Prices of college textbooks, distance
Important Characteristics of Data
1. Center- A representative value that indicates where the middle of the data
is located. Frequency Distribution 9/9/2013 10:59:00 AM
-shows how a data set is partitioned among all of several categories (or
classes) by listing all of the several categories (or classes) by listing all of
the categories along w/ the number of data values in each category.
Constructing a Frequency Distribution for Qualitative Data
Step 1: List distinct values of the observations in the data set in the first
column of the table
Step 2: For each of observations, place a tally mark in the second column of
the table in the row of the appropriate distinct value.
Step 3: Count number of tally marks and record it in the third column
Frequency Distributions for Quantitative Data
Constructing a Frequency Distribution
1.Determine the number of classes (should be between 5 and 20).
2.Calculate the class width (round up)
class width= (maximum value)-(minimum value)
number of classes
3. Starting point: Choose the minimum data value or a convenient value
below it as the first lower class limit.
4. Using the first lower class limit and class width, proceed to list the other
lower class limits.
5. List the lower class limits in a vertical column and proceed to enter the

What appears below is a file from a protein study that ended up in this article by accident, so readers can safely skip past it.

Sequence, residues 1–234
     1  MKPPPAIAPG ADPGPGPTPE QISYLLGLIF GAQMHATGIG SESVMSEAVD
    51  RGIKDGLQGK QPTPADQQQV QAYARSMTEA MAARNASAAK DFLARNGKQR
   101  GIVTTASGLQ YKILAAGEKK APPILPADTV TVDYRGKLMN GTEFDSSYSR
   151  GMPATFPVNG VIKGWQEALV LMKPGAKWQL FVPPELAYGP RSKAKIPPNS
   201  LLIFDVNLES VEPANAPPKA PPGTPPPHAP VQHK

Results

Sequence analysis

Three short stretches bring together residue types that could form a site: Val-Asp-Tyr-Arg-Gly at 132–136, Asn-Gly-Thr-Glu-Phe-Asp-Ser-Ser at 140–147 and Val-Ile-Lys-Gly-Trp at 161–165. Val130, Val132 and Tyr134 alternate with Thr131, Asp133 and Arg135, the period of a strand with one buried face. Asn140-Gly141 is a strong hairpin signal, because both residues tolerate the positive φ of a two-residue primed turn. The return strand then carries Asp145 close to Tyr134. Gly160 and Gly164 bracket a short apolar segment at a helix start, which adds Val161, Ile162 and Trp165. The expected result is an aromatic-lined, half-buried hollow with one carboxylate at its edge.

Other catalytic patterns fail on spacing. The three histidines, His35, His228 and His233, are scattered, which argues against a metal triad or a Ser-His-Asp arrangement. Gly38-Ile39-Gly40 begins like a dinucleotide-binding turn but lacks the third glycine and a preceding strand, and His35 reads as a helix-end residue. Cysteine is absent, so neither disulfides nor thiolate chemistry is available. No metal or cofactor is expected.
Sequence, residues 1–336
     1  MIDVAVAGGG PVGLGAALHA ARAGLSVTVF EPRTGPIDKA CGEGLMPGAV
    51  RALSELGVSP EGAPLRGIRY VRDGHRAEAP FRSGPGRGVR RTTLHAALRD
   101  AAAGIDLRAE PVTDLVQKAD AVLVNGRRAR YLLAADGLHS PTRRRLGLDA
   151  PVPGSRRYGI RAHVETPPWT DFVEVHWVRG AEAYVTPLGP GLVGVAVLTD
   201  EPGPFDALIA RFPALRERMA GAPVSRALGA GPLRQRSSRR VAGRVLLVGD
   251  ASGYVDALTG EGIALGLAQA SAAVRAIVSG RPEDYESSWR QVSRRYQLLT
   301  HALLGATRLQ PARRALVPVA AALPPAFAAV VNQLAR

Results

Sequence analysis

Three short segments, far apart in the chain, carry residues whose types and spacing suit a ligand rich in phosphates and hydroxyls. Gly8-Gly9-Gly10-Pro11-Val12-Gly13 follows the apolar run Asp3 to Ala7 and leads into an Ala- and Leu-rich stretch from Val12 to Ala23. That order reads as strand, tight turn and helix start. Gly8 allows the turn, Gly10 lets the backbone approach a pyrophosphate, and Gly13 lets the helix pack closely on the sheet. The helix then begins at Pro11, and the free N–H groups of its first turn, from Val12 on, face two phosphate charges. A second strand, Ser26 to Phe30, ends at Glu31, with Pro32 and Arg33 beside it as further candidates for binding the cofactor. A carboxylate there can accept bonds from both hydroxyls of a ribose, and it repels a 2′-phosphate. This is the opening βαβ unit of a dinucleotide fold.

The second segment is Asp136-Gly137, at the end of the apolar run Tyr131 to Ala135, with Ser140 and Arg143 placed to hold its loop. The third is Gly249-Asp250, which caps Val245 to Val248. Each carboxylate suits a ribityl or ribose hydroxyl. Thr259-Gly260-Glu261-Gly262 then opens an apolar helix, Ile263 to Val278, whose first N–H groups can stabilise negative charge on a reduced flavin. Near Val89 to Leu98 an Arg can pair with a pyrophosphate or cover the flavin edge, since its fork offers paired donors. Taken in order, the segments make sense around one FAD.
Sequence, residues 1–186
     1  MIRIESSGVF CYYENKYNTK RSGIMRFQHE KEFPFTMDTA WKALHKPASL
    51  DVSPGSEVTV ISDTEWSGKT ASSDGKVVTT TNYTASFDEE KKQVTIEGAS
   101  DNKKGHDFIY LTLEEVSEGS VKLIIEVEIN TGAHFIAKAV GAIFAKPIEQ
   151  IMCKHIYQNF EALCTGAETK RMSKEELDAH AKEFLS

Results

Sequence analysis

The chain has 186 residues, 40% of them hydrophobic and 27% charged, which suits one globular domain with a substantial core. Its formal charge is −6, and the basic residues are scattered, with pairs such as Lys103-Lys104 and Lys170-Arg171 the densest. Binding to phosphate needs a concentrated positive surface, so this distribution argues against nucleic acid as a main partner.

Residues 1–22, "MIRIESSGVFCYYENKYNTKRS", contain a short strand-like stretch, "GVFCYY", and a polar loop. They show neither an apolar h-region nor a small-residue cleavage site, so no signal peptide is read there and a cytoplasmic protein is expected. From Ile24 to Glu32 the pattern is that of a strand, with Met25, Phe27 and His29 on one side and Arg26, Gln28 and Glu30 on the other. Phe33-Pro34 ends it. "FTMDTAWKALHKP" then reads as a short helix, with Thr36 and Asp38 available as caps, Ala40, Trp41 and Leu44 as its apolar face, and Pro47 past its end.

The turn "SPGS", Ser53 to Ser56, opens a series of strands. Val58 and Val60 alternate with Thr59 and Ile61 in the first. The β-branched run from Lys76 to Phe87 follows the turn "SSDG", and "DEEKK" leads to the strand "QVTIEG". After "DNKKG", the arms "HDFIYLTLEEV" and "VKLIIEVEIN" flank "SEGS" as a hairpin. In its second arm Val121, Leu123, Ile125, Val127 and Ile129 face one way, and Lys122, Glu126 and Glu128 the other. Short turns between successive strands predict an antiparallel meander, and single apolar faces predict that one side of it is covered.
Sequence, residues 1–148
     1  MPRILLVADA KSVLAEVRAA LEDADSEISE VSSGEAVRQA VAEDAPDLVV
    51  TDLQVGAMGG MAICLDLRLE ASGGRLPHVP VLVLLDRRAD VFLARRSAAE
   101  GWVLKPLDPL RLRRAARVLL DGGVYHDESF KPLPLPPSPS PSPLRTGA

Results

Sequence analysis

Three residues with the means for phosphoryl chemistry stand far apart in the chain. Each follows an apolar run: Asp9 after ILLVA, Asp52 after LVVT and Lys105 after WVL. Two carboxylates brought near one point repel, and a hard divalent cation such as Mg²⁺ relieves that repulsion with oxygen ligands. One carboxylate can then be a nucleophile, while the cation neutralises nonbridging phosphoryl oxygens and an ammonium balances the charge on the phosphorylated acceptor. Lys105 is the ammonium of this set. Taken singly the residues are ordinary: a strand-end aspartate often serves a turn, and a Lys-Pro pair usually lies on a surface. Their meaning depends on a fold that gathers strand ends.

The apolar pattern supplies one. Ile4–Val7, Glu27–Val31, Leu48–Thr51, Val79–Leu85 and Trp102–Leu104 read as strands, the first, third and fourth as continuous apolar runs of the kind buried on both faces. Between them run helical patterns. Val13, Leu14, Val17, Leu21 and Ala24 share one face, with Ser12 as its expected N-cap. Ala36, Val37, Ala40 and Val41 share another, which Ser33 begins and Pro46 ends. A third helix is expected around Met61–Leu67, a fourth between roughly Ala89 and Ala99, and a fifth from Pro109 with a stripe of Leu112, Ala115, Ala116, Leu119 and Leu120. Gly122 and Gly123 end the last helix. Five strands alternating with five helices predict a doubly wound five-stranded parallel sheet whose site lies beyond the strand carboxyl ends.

upper class limits
6. Take each individual data value and put a tally mark in the appropriate
class. Add the tally marks to get the frequency.
Relative Frequency Distribution
Cumulative Frequency Distribution- the sum of the frequency of all classes
Critical Thinking Interpreting Frequency Distributions In later chapters, there will be frequent reference to data w/ a normal
distribution. One key characteristic of a normal distribution is that it has a
„bell‟ shape.
-The frequencies start low, then increase to one or two high frequencies,
then decrease a low frequency
-The distribution is approximately symmetric, with frequencies preceding the
maximum being roughly a mirror image off those that follow the maximum.
Gaps
-The presence of gaps can show that we have data from two or more
different populations. However, the converse is not true, because data from
different populations do not necessarily result in gaps.
SECTION 2.3 HISTOGRAMS-
Key concept-
Histogram- ( graphic version of a freq dist.) a graph consisting of bars of
equal width drawn adjacent to each other (w/o gaps). The horizontal scale
reps the classes of quantitative data values and the vertical scale represents
the frequencies. The height of the bars determine
Critical Thinking Interpreting Histograms
- Objective is not simply to construct a histogram, but (pwpt) Chapter 3 9/9/2013 10:59:00 AM
Center- There are four measures of center: Mean, Median, Mode & Midrange
1. Mean- (Arithmetic mean) or mean of a set of data is the sum of all data
values divided by the total number (#) of data values.
Mean= Σx - sum of all data points
n - total # of data points
….
X – “x bar” -- representative sample mean
- Mu -- represents the population mean
Advantages
- relatively reliable, i.e. sample means tend to be more consistent that other
measures of center.
-takes every data value into account
Disadvantages
-Sensitive to extreme values (outliers)
*The mean is not a resistant measure. Resistant measures are not
influenced by outliers.
$2.0, 4.9, 6.9, 2.1, 5.1, 3.2, 5.7, 6.6
8
= 36.1 = 4.51
8
2. Median- of a data set is the number that divides the bottom 50% from the
top 50%. With the original data value